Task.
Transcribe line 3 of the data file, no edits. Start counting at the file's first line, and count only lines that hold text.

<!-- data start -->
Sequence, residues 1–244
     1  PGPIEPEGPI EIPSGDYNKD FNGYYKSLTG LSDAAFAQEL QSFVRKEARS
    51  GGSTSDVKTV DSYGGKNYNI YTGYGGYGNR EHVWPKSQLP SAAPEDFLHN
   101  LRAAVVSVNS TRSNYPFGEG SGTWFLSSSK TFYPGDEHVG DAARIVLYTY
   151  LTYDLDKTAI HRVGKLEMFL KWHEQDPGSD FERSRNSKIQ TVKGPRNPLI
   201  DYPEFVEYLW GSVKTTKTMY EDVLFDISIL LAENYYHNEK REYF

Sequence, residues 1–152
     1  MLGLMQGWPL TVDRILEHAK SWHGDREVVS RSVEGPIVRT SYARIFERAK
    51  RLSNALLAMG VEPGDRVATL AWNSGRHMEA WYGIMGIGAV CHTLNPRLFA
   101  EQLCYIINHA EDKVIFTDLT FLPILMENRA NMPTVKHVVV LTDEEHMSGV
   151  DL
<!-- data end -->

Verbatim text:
    51  GGSTSDVKTV DSYGGKNYNI YTGYGGYGNR EHVWPKSQLP SAAPEDFLHN